Seizing the opportunity in the U.S. Senate

In the past 20 years, Americans have become used to the efficiency and cost savings of receiving all manner of services at home that we used to have to travel for.

That extends well beyond consumer goods and streaming videos, to life-saving medical treatments: Today, vulnerable medical patients receive life-sustaining continuous intravenous drug therapy at home that two decades ago was routinely administered in hospital.

That has huge benefits, for those waiting for a heart transplant in such places as Houston, Cheyenne and New Orleans. It’s a clinical advance that restrains soaring healthcare costs, lowers the risk of hospital-acquired infections and increases patient satisfaction. Thanks to last year’s CURES Act, these patients have a hope for treatment, but not until 2021. Unfortunately, many congestive heart failure patients living all over the United States can’t wait that long in line for heart transplants.

These vulnerable patients are too sick to travel to Washington to implore lawmakers to fix the inadvertent delay in CURES, so I will set out their case here. Home infusion gives continuous intravenous drug therapy to patients with severe congestive heart failure. It alleviates symptoms, keeping them alive and comfortable at home. The treatment is palliative for some patients and is also used as a bridge to a heart transplant. Without home treatment, many patients are admitted to the hospital for care, others have to enter hospice care, and some must undergo invasive surgery to implant a ventricular assist device to help their heart pump blood.

Beyond severely impairing quality of life, it’s a disaster for healthcare costs. Centers for Medicare and Medicaid Services (CMS) data reveals that the average hospital stay for a heart failure patient is 5.6 days at an average daily cost per patient of $2,798. Under the Medicare reimbursement for home infusion that current law won’t allow to begin until 2021, the average cost per day was about $350, including the cost of the drug and associated services. And, heartbreakingly, by removing home treatment as an option, even those patients that had wanted the opportunity to die peacefully at home now have to end their days in a hospice, away from their loved ones and home comforts.

Home infusion has been around for decades, and is covered by every sector of the health care ecosystem other than Medicare. Given the better outcomes and tremendous cost savings, it has been growing rapidly in the United States and is expected to more than double between now and 2024, according to a report by Grand View Research, that notes, “the growing requirement to contain healthcare costs has led to a higher preference for homecare therapies amongst patients, especially the elderly, requiring long-term care.”

However, Medicare patients no longer can receive home infusion because of an unintended consequence of a law passed last year — the 21st Century Cures Act (CURES,) which enjoyed strong bipartisan support for its ambitions of promoting medical research and funding the so-called “moon shot” to cure cancer. The law unfortunately also cut reimbursement for many infusion drugs, reducing monthly Medicare payments by 95% infusion patients. The law did create a new benefit to reimburse home-infusion providers, but that measure does not take effect until 2021 — creating a funding gap for patients. Private insurance, Medicaid, Tricare (for veterans) and Medicare Advantage, all still pay for home infusion, but it is not viable under Medicare after the passage of CURES. It is imperative that Congress now pass a law to pull that benefit forward to 2019 for Medicare patients. CMS says it can implement the home infusion benefit in 2019, if the Senate acts.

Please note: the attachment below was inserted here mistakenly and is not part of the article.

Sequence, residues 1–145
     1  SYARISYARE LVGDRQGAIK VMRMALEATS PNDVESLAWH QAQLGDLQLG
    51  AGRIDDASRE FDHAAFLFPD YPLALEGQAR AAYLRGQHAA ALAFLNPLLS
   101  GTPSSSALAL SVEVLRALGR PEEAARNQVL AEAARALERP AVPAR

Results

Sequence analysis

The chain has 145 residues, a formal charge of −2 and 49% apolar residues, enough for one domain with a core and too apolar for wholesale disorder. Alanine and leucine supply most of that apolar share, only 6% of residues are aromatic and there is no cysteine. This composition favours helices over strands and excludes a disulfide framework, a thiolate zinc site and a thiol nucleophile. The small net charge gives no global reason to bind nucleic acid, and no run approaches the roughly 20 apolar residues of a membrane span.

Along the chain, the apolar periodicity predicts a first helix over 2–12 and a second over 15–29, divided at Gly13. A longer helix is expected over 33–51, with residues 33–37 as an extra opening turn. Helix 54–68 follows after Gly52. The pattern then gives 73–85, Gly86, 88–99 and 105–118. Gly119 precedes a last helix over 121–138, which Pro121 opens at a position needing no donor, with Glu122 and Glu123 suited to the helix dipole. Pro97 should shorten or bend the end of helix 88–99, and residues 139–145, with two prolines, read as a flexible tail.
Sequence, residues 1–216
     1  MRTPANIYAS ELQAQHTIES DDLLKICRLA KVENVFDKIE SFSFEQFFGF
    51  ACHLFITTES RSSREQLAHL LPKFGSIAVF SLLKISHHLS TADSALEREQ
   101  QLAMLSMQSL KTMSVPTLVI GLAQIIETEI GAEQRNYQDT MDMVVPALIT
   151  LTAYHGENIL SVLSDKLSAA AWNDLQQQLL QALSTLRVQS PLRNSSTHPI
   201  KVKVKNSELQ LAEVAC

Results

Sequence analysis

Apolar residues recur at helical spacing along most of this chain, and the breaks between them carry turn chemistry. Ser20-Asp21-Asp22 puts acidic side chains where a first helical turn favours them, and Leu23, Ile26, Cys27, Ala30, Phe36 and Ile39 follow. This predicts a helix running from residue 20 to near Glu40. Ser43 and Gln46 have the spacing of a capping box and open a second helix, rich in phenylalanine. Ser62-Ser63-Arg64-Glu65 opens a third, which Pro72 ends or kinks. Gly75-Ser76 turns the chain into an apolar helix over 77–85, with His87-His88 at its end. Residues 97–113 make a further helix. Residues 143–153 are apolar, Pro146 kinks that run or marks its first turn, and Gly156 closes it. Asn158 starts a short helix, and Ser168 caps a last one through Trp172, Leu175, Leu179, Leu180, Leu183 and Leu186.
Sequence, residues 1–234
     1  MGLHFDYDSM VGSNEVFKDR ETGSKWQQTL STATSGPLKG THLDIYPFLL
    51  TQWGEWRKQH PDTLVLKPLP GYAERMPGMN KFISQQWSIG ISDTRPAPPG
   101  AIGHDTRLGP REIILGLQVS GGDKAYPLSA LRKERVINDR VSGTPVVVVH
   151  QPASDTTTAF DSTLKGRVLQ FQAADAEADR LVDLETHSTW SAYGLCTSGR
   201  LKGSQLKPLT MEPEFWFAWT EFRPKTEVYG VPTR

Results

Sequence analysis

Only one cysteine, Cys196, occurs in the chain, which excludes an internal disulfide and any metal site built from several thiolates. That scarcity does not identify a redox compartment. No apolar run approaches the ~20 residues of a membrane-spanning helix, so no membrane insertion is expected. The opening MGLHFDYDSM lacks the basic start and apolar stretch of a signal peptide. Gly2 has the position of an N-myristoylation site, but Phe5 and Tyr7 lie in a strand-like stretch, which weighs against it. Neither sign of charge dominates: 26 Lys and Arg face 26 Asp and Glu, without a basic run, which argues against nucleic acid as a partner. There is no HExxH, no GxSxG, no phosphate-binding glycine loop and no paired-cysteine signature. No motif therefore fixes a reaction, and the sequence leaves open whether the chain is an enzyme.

Making that change will be a huge boost for the roughly 4,000 Medicare patients in the United States that are waiting for a heart transplant. Every lawmaker I have spoken to agrees if it were their mother or father waiting up to one year or more for a transplant, they’d want them receiving care at home.

Fixing this mess can be surprisingly easy. U.S. senators must pass the Medicare Home Infusion Therapy Access Act of 2017 to restore home infusion therapy payments for patients on Medicare. The bill was introduced by Democrat Mark Warner and Republican Johnny Isakson and has broad, bipartisan backing. The U.S. House of Representatives has already passed legislation to address this issue, but the U.S. Senate must approve its version. In my discussions in Washington, I’ve yet to meet a lawmaker that opposes this sensible fix that’s right morally and economically. Hopefully, that will translate into congressional action soon.

(Daniel E. Greenleaf is president and chief executive officer of BioScrip Inc., a provider of infusion and home healthcare management solutions.)

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